Check out the nebula-clojure-plugin page for details on how to use it.

Core Plugins

These plugins don’t provide any significant value by themselves, but generally are used with some other plugin or infrastructure component.


The goal of this plugin is to collect metadata about the environment where the Gradle build is being executed.

Check out the gradle-info-plugin GitHub page for details on how to use it.


This plugin is the foundation of the gradle-git-scm-plugin and can be used to build other scm related Gradle plugins.

Check out the gradle-scm-plugin GitHub page for details on how to use it.


A plugin that makes it easier for Gradle plugin developers to send warning messages to the user that will be emitted at the end of the build.

Check out the gradle-warnings-plugin GitHub page for details on how to use it.


Common classes shared by Nebula plugins. Adds useful Gradle tasks such as Download, Unzip and Untar.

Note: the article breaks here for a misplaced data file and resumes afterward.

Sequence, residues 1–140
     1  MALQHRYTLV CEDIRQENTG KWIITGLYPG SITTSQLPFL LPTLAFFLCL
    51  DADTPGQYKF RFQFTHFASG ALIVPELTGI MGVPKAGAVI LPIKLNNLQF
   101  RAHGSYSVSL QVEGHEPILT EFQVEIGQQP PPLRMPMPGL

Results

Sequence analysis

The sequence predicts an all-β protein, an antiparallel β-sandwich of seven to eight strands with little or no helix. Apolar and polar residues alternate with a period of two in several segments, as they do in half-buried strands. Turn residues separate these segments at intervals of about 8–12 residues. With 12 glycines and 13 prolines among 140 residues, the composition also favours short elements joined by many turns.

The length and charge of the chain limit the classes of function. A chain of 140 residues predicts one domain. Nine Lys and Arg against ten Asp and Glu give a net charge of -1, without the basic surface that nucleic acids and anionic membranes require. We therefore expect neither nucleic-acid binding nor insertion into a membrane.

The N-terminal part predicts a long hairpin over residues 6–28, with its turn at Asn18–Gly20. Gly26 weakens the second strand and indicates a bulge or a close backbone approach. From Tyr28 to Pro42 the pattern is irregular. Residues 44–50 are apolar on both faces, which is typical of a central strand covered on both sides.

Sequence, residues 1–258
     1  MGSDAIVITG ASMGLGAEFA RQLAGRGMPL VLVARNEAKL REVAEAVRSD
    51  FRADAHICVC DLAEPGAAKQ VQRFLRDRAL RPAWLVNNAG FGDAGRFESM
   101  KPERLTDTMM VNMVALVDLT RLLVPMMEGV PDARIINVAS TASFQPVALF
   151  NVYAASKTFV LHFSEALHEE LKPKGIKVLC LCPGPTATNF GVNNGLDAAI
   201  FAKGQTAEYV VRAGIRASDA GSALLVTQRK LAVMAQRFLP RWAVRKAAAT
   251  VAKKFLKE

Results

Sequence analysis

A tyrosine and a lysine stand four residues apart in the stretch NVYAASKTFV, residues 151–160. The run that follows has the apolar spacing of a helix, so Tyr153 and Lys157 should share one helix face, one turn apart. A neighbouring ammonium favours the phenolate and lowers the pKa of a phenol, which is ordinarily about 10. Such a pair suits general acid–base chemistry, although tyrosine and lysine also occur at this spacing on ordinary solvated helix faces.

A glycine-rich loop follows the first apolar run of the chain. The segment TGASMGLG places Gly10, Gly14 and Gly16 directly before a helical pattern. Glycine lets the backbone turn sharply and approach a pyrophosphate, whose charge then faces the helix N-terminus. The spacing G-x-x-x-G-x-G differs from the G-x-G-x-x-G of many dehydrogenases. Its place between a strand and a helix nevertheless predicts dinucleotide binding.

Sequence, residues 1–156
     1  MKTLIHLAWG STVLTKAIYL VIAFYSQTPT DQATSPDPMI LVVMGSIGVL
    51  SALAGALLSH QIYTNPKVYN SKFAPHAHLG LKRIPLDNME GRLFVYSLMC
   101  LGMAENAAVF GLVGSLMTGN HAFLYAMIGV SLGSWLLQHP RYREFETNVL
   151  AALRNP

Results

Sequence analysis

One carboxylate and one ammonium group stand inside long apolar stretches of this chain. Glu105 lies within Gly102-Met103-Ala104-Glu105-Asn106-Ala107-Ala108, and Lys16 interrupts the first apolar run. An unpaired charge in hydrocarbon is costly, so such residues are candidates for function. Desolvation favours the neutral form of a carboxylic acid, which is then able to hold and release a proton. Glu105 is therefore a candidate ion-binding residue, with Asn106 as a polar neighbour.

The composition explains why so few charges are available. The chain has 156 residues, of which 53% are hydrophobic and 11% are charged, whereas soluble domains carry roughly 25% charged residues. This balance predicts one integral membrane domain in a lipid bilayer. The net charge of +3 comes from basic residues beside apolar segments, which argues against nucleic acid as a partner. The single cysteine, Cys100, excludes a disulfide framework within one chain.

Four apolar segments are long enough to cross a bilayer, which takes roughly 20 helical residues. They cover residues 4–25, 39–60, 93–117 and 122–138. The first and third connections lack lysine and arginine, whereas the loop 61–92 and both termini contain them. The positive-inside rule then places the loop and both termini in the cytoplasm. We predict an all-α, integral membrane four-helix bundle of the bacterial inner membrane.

Check out the nebula-core-plugin GitHub page for details on how to use it.



The nebula-test plugin was extremely useful in ensuring we can easily test our plugins. However, Gradle has begun to integrate these concepts into Gradle core. As a result, we recommend using Gradle TestKit instead of nebula-test.


The gradle-webpack-plugin was a short lived experiment in executing webpack from Gradle. We never invested in this project and as a result do not consider this plugin production ready or supported.


The gradle-blacklist-plugin was the predecessor to the gradle-resolution-rules-plugin. Since the gradle-blacklist-plugin was only able to impact a single project at a time, it’s value was limited. We recommend using the gradle-resolution-rules-plugin instead.


The nebula-blob-plugin was a small experimental plugin of limited value we no longer plan to support.